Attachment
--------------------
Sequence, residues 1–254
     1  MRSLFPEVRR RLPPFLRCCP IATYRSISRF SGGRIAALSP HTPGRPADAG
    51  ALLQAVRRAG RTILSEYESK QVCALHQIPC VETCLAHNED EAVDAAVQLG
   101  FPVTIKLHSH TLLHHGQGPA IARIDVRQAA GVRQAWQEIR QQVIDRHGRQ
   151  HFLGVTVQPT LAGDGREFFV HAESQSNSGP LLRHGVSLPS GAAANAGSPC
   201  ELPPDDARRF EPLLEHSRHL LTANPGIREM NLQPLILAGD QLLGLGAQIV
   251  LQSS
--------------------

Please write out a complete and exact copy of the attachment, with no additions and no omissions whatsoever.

Sequence, residues 1–254
     1  MRSLFPEVRR RLPPFLRCCP IATYRSISRF SGGRIAALSP HTPGRPADAG
    51  ALLQAVRRAG RTILSEYESK QVCALHQIPC VETCLAHNED EAVDAAVQLG
   101  FPVTIKLHSH TLLHHGQGPA IARIDVRQAA GVRQAWQEIR QQVIDRHGRQ
   151  HFLGVTVQPT LAGDGREFFV HAESQSNSGP LLRHGVSLPS GAAANAGSPC
   201  ELPPDDARRF EPLLEHSRHL LTANPGIREM NLQPLILAGD QLLGLGAQIV
   251  LQSS